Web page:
The Gifts of 2020

Let's be honest, 2020 was quite a crappy year. December 31st 2019 held so much hope for 2020. For some reason there was a hyped-up energy of expectation for this year. Maybe it's because it was the start of a new decade, maybe because the numbers seemed really cool, maybe because we realized that we were well and truly in the 21st Century and the potential it held.

I don't know exactly what is was, but the energy as we entered 2020 was electric, full of hope. But we all know how the celebrations of the New Year ended….. within a couple of months, the world was shut down and we were thrown into one of society's biggest health and economic challenges for decades.

I will not sugar-coat things. For many of us 2020 has not been kind.

Whilst we know there are things to be grateful for every day, the overwhelming feelings of the uncertainty of life, the instability of routine, the disconnection from each other and the loss of things that we take for granted, has shaken us all to the core.

It took me to our second lock down in September to realize that EVERYONE was suffering. EVERYONE has experienced loss of something or someone, everyone has had to find ways to adapt, everyone has had to draw on strength, patience, energies that they didn't even know they had.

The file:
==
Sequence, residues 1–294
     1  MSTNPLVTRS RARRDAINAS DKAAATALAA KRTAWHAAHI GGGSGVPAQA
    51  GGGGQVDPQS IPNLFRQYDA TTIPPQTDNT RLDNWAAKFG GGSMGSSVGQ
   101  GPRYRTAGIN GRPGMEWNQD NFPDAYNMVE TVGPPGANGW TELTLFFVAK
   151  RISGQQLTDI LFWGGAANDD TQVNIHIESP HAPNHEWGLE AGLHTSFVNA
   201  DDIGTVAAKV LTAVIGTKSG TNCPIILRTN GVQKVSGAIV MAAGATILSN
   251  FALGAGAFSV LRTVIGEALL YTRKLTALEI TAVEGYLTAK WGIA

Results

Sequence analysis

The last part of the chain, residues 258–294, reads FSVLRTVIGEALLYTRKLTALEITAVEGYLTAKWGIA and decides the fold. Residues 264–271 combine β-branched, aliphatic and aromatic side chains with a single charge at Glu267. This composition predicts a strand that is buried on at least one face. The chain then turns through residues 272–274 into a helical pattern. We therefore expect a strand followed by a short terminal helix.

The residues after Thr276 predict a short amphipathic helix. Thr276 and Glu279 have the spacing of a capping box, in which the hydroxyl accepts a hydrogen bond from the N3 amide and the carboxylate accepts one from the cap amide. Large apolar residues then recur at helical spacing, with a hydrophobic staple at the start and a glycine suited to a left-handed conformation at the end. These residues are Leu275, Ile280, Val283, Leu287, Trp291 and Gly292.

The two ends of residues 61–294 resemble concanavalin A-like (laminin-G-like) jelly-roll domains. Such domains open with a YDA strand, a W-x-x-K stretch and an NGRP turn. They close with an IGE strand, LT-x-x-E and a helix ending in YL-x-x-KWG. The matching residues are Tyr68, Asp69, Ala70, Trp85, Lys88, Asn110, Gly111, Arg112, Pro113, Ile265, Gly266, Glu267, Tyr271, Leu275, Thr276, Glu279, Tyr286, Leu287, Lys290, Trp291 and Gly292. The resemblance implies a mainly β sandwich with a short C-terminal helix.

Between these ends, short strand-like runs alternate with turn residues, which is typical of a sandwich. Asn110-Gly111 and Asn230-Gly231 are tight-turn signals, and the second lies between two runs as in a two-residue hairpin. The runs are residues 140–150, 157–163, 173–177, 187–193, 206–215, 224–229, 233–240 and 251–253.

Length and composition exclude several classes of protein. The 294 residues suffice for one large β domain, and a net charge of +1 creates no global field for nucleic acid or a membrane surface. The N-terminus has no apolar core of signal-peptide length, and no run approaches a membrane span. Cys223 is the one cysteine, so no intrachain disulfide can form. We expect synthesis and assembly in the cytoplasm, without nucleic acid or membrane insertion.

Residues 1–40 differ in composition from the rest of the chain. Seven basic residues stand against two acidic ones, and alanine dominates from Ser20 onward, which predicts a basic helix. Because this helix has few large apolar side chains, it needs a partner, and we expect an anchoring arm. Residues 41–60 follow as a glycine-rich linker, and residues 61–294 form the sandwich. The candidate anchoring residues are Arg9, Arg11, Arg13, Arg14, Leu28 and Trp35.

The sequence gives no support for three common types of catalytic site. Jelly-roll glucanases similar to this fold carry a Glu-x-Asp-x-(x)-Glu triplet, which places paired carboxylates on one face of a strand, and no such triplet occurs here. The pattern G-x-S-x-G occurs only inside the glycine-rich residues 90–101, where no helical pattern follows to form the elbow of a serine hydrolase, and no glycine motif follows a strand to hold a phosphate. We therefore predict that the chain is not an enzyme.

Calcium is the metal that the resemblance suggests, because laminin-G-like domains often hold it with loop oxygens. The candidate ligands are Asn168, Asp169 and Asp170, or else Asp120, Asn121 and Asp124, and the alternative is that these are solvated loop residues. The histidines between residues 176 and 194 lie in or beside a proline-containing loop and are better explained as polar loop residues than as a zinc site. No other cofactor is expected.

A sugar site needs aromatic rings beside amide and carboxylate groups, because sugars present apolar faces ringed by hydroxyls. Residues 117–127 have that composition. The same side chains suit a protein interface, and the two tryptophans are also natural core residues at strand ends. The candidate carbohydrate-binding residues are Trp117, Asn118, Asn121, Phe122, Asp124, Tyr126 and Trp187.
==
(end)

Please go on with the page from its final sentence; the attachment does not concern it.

So whilst I could write a long post about how challenging these last 10 months have been for myself, my family, my friends, my community, I chose to do something a bit different as I return to writing a monthly blog. In and amongst all the difficulties, the breakdowns, the frustration, the endless days with kids at home, the lack of personal space, I have actually identified 4 gifts that 2020 gave me. Life lessons that have deeply changed the way I think about things now. I share these not to be heroic or idealistic about my experiences, but because I think if you can't learn something from life's challenges, from the unexpected, then you have missed an opportunity to turn life's challenges into life's lessons.

Lesson 1 – Take one day at a time. As a Yoga Teacher, one of the key lessons we learn is to be present in the moment, on the mat. Connecting to your breath, being present, focusing on the here and now, listening to your body. I use these words when I teach my classes and I thought I had internalized them. But until I experienced the overwhelmingness of lockdown, the repetitive nature of daily life, not being able to prepare for anything too far in the future, of knowing that lockdown meant juggling all the new daily demands and finding time to do my own work, I realized I hadn't actually deeply connected what it meant to be present in the moment. What does it really mean to take 24 hours at a time, to not think further ahead than the day that is in front of you right now. And once you are able to really do this it is so freeing.